Information Commissioner's Office
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Fax blunder leads to £55,000 penalty for Staffordshire trust
The Information Commissioner’s Office (ICO) has issued a monetary penalty of £55,000 to North Staffordshire Combined Healthcare NHS Trust. The penalty follows a serious breach of the Data Protection Act which resulted in sensitive medical details of three patients being sent to a member of the public.
The details were released between August and September 2011 when three separate faxes, which should have been faxed to the trust’s Wellbeing Centre, were sent to the same member of the public.
The error was caused by the fax number for the centre being incorrectly dialled each time. The trust was eventually alerted to the problem after receiving a letter from the recipient.
The Wellbeing Centre was responsible for providing psychological therapies for the trust. The information disclosed included confidential and highly sensitive information, including the patients’ names, addresses, medical histories, and details of their physical and mental health.
The ICO’s investigation found that while the trust had published best practice guidance which required staff to ‘phone ahead’ to make sure faxes were being sent to the right address and had been successfully received, this guidance had not been communicated to the staff involved and they had received no specific training on the secure use of fax machines.
ICO Enforcement Group Manager, Sally Anne Poole, said:
“Let’s make no mistake, this breach was entirely avoidable. One phone call ahead to the trust’s Wellbeing Centre would have alerted its staff to the fact that the number they were entering was incorrect. This would have stopped highly sensitive information about the care of vulnerable people being sent to a member of the public on three separate occasions.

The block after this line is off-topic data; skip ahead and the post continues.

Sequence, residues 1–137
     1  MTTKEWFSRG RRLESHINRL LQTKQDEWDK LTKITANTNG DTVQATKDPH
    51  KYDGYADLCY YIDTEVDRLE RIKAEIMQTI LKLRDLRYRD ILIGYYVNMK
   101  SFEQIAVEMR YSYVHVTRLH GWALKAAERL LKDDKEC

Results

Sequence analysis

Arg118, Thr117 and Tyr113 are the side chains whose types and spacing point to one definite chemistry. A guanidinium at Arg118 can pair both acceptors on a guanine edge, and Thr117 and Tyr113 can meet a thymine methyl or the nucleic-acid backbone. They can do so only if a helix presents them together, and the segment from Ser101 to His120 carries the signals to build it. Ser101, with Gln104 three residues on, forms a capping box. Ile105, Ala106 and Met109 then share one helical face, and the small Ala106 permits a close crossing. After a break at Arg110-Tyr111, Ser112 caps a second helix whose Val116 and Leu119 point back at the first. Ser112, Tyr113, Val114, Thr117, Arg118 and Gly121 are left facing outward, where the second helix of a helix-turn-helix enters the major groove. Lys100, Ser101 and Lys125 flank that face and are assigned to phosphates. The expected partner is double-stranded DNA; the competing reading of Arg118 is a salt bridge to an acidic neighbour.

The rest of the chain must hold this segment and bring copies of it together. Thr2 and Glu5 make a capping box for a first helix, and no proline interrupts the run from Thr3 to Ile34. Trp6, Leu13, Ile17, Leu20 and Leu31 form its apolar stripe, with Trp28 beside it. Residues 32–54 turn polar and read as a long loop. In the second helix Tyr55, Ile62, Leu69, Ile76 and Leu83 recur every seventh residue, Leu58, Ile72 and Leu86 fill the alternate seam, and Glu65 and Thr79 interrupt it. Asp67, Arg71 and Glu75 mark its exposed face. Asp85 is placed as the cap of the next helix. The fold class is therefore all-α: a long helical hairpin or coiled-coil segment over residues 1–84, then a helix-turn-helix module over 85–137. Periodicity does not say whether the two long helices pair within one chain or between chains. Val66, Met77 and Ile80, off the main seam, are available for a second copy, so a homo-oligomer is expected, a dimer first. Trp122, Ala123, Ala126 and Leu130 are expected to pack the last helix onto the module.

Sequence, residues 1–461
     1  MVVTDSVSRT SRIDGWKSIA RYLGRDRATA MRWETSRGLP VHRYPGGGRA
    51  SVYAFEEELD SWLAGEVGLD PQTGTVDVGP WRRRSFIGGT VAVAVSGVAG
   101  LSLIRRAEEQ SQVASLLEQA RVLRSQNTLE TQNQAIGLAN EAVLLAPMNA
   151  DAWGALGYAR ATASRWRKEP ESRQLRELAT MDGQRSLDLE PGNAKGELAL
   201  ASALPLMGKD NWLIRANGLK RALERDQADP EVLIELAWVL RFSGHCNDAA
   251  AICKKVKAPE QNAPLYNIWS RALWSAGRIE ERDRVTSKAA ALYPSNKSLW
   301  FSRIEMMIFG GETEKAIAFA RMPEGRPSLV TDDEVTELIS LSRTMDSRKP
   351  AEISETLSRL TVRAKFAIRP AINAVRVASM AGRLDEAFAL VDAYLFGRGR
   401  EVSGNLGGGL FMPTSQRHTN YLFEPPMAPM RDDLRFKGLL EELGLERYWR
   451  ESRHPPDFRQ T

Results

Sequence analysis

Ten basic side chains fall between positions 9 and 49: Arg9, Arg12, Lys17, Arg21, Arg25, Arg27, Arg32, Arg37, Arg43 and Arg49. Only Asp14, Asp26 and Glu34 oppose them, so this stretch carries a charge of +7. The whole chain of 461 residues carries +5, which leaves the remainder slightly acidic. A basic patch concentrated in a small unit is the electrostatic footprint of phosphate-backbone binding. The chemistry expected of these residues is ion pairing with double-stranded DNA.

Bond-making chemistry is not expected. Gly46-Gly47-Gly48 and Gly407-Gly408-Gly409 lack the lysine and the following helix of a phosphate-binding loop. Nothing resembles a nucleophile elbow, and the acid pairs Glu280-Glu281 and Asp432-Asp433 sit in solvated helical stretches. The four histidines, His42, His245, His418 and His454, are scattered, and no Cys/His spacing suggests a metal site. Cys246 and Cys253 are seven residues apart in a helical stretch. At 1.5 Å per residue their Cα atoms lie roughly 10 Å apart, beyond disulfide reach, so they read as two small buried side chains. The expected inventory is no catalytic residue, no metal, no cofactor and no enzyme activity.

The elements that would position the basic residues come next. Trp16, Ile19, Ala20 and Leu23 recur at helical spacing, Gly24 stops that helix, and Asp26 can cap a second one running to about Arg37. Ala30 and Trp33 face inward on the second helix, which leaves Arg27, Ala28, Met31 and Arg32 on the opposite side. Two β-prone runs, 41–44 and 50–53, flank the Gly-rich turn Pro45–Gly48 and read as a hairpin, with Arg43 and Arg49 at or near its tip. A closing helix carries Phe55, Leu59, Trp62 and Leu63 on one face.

“This case should act as a warning to all organisations that routinely send out sensitive personal information by fax. Make sure you have appropriate procedures and controls in place, so that errors can be spotted before it is too late.”
The ICO's guidance on the secure use of fax machines advises that organisations sending personal information by fax should:
Consider whether sending the information by a means other than fax is more appropriate, such as using a courier service or secure email. Make sure you only send the information that is required. For example, if a solicitor asks you to forward a statement, send only the statement specifically asked for, not all statements available on the file.
Make sure you double check the fax number you are using. It is best to dial from a directory of previously verified numbers.
Check that you are sending a fax to a recipient with adequate security measures in place. For example, your fax should not be left uncollected in an open plan office.
If the fax is sensitive, ask the recipient to confirm that they are at the fax machine, they are ready to receive the document, and there is sufficient paper in the machine.
Ring up or email to make sure the whole document has been received safely.
Use a cover sheet. This will let anyone know who the information is for and whether it is confidential or sensitive, without them having to look at the contents.
Notes to Editors
1. The Information Commissioner’s Office upholds information rights in the public interest, promoting openness by public bodies and data privacy for individuals.
2. The ICO regulates the Data Protection Act 1998, the Freedom of Information Act 2000, the Privacy and Electronic Communications Regulations 2003 and the Environmental Information Regulations 2004.
3. Anyone who processes personal information must comply with eight principles of the Data Protection Act, which make sure that personal information is:
Fairly and lawfully processed
Processed for limited purposes
Adequate, relevant and not excessive
Accurate and up to date
Not kept for longer than is necessary
Processed in line with your rights
Not transferred to other countries without adequate protection
5. If you need more information, please contact the ICO press office on 0303 123 9070.